||Issue No. 291||25 November 2005|
Interview: Public Defender
Legal: Craig's Story
Unions: Wrong Way, Go Back
Politics: Queue Jumping
History: Iron Heel
Economics: Waging War
International: Under Pressure
Poetry: Billy Negotiates An AWA
Review: A Pertinent Proposition
The Locker Room
Name and Shame
Unite and Fight
The Worker's Best Friend
Stop the Corporate Rot
Howard Loses Poll Position
Twin polls, run for the News Ltd and Fairfax organisations last week, saw Howard's approval rating drop to its lowest levels in nearly five years.
More significantly, the Herald poll opened up the possibility that his government could be rolled by a rejuvenated Opposition, putting Labor ahead of the Coalition by a massive 58-42 margin in two-party preferred terms.
The Liberal-National vote was down six percent, while support for the ALP jumped seven percent.
The results, which would have seen the Coalition crushed in an election, were mirrored in a Newspoll that had the Coalition trailing 46-54 in two-party terms.
The polls recorded the most dramatic political shifts in a single month, since 2001, and the largest fall in the Coalition's share of the vote in the nine and a half years of the Howard regime.
Howard struck out badly when respondents in the Herald poll turned their attention to workplace change. Sixty percent expressed "dissatisfaction" with his agenda, based on the destruction of collective bargaining and hamstringing trade unions.
The polling, by both news organisations, was done the week after half a million Australians attended protests against "Workchoices" legislation.
Commentators, from across the spectrum, put the Coalition poll reversals down to industrial relations and the planned sale of Telstra.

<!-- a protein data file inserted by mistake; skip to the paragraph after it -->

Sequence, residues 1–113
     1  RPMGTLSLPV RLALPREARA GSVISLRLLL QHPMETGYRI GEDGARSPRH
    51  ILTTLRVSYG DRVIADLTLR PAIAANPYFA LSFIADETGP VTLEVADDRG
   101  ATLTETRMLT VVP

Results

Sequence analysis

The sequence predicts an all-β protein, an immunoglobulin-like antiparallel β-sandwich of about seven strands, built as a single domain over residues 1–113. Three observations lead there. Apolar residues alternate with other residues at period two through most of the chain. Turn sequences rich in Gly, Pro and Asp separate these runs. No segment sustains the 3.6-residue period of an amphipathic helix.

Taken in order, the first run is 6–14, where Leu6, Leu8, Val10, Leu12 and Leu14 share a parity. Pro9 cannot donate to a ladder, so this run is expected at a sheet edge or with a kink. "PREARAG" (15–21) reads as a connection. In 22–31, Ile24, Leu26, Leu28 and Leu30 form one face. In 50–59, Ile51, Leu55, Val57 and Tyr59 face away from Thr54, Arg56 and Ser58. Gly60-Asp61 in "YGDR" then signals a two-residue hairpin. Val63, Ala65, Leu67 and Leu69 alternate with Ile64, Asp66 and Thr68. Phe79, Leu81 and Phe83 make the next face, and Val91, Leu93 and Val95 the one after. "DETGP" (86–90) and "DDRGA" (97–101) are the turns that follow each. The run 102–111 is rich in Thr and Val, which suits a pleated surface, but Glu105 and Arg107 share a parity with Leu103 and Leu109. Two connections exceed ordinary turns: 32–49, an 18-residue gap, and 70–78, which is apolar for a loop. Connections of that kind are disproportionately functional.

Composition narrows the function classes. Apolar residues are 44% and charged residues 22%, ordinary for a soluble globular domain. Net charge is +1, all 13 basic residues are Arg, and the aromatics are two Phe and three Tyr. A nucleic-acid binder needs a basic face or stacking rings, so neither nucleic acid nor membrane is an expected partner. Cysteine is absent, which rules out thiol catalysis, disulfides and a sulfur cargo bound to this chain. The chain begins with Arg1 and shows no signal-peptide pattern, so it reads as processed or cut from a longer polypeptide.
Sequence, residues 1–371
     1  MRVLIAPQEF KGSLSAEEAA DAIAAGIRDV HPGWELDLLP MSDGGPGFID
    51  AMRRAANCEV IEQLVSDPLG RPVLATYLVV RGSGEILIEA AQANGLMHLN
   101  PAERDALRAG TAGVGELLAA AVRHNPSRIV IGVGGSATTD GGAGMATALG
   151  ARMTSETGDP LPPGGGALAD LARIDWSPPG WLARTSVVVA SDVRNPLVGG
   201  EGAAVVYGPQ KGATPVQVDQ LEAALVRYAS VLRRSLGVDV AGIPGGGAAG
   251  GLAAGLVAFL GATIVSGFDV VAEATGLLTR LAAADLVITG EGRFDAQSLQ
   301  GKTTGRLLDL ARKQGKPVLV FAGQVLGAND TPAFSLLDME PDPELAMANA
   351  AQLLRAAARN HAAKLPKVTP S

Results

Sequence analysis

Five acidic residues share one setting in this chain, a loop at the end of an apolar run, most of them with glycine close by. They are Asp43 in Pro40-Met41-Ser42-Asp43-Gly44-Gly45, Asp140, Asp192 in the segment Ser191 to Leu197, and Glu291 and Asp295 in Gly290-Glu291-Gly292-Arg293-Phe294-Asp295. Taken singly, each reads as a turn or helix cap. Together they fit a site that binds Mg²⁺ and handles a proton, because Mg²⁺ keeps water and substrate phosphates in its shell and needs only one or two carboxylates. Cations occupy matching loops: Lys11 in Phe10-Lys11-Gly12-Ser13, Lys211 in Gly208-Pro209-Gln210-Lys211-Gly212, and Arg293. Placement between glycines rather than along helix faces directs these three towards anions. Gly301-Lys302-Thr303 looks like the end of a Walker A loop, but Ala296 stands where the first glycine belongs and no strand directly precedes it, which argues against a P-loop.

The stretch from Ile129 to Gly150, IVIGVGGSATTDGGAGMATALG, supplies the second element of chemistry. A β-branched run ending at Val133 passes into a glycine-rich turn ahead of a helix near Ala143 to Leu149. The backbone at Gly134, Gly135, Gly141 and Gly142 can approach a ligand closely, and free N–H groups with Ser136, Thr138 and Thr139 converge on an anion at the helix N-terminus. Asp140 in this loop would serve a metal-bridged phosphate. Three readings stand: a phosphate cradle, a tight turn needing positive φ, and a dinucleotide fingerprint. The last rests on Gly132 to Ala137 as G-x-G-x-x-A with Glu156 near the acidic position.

Howard reacted to the reverses by dropping his long-practised routine of "refusing to be a political commentator".
``It seems obvious to me that the major reason for the turnaround in the Government's fortunes in both polls is the unease in the community about the workplace relations changes,'' he admitted.
Howard appears to have been blind-sided by union campaigning against his radical rewrite of workplace rules.
Instead of snap strikes and rowdy protests, they have orchestrated a community campaign, highlighted by peaceful mass rallies, and under-pinned by effective, targeted advertising.
This month's mass rallies were a case in point, with religious leaders, entertainers, academics, rank-and-file workers, and politicians sharing the microphone with union leaders.
Union members have taken the issue to their churches, sports clubs, schools, neighbourhood meetings and commuter carriages.
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